Antiwar activists hold back their taxes
A national group says up to 10, 000 people aren't paying all their taxes over opposition to the Iraq war.
By ASSOCIATED PRESS
Published July 5, 2007
NEW HAVEN, Conn. - When the United States invaded Iraq more than four years ago, war opponent David Gross asked his bosses for a radical pay cut, enough so he wouldn't have to pay taxes to support the war.
"I was having a hard time looking at myself in the mirror, " Gross said. "I knew the bombs falling were in part paid with my tax dollars. I had to actually do something concrete to remove my complicity."
The San Francisco technical writer was making close to $100, 000 a year. He didn't know exactly how big of a pay cut he would need to fall below the federal tax threshold, but later figured out he would have to make less than minimum wage.
In any event, his employer turned him down and he quit. Gross, 38, now works on a contract basis, and last year he refused to pay self-employment taxes. Gross said he now manages to live on about $15, 000 per year. "I can look myself in the mirror and say at least I'm not supporting it, at least I'm not part of the machine."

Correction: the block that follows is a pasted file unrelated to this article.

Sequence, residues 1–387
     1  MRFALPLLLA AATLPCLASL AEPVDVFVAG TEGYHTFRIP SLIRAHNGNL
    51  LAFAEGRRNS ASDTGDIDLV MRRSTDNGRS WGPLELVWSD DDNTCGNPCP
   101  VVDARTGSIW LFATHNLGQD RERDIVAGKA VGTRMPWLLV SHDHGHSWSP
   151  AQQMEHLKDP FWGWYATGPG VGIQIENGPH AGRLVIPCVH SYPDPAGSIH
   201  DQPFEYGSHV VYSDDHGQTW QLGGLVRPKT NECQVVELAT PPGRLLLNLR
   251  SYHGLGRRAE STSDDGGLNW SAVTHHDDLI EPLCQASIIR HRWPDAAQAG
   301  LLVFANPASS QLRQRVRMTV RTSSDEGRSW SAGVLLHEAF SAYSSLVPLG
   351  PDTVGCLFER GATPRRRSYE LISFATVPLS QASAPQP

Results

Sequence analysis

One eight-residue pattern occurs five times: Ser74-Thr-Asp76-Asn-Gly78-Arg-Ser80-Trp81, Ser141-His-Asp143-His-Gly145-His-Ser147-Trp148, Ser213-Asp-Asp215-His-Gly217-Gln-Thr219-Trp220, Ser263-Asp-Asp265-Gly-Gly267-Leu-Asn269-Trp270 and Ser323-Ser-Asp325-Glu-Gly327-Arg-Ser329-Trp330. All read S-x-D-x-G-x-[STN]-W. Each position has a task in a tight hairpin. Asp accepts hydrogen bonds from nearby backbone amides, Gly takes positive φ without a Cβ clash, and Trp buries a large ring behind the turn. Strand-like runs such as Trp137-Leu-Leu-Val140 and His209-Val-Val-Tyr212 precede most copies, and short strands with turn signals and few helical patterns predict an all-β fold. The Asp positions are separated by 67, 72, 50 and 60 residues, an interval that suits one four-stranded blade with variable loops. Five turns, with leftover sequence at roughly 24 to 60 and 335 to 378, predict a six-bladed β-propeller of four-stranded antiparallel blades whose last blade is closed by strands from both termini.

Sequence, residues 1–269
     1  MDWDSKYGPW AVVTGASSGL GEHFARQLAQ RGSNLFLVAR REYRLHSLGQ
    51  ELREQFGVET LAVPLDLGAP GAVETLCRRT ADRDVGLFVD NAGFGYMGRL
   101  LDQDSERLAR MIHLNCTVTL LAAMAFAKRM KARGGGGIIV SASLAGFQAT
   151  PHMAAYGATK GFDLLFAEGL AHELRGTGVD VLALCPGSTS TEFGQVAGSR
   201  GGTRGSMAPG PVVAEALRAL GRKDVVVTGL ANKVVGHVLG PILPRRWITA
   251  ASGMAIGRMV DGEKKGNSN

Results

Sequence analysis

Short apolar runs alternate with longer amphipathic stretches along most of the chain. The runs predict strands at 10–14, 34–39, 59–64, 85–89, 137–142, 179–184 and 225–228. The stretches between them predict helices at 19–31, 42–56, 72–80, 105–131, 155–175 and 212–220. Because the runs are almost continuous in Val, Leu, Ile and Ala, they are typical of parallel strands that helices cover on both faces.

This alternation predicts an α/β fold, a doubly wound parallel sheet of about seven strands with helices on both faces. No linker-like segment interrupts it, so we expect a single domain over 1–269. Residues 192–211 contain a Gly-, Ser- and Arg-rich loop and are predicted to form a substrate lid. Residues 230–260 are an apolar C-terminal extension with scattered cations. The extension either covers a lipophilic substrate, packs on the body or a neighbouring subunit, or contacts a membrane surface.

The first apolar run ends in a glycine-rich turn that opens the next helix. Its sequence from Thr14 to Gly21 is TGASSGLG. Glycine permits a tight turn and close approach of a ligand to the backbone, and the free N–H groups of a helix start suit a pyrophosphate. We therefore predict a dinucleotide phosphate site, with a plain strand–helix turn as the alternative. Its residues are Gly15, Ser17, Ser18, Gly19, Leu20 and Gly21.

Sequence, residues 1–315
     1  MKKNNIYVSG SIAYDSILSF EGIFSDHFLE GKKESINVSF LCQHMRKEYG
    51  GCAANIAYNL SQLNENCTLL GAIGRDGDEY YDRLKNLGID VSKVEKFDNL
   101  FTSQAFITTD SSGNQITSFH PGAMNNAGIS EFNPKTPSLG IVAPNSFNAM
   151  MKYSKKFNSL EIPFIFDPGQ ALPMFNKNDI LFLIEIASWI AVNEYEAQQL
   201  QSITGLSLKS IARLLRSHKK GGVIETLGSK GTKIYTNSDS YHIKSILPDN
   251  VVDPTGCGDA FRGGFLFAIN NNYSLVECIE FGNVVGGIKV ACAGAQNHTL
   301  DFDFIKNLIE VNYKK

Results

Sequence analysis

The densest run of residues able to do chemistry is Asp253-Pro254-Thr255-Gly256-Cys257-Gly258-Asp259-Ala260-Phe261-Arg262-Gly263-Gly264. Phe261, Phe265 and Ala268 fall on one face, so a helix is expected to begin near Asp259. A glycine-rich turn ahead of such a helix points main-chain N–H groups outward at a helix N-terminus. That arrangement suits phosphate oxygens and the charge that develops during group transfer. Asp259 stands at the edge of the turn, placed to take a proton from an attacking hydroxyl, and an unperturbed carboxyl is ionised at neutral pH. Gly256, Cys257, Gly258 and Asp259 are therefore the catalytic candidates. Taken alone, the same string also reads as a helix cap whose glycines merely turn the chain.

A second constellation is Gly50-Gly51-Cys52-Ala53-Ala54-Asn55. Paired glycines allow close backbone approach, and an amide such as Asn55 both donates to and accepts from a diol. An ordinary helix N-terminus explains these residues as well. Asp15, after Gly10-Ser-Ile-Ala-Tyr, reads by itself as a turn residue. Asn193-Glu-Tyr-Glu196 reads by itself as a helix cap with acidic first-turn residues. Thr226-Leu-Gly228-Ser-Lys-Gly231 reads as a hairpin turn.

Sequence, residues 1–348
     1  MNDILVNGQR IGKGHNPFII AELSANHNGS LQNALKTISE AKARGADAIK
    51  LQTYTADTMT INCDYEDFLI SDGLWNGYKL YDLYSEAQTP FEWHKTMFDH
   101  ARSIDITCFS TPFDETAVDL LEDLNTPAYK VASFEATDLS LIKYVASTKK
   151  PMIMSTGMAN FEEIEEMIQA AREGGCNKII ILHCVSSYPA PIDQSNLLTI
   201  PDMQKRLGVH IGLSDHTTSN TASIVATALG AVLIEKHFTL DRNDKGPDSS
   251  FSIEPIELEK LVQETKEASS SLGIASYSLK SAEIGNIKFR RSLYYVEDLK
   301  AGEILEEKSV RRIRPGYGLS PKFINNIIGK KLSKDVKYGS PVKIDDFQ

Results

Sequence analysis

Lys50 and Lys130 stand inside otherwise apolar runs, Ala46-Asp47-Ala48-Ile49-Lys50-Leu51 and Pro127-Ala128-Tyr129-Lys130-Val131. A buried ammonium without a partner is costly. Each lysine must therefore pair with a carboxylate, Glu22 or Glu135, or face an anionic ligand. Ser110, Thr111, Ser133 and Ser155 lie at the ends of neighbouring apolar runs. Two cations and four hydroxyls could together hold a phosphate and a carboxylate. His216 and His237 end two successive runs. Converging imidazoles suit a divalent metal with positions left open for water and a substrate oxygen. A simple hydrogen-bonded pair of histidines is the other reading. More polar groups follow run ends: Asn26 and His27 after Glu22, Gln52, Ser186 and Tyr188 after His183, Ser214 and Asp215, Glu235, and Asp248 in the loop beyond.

War tax resistance, popularized by Henry David Thoreau in the 19th century and by singer Joan Baez and others during the Vietnam War, is gaining renewed interest among peace activists upset over the Iraq war.
The National War Tax Resistance Coordinating Committee in New York estimates 8, 000 to 10, 000 Americans refuse to pay some or all of their federal taxes over war objections. Internal Revenue Service officials say they don't have figures for that specific category.
Many tax protesters say they redirect money they withhold to charities. Some, like Joanne Sheehan of Norwich, keep their income below taxable levels.
"I don't see the point of working for peace and paying for war, " Sheehan said.
The IRS said that while taxpayers have a right to express their opinions, they still have an obligation to pay their taxes. Tax resisters place an undue burden on taxpayers who pay their fair share of taxes, IRS spokeswoman Dianne Besunder said.
War protesters have been pushing for a law called the Religious Freedom Peace Tax Fund that would allow designated conscientious objectors to have their income, estate, or gift taxes used for nonmilitary purposes. After years of efforts, they hope a congressional hearing will be held on the proposal next year.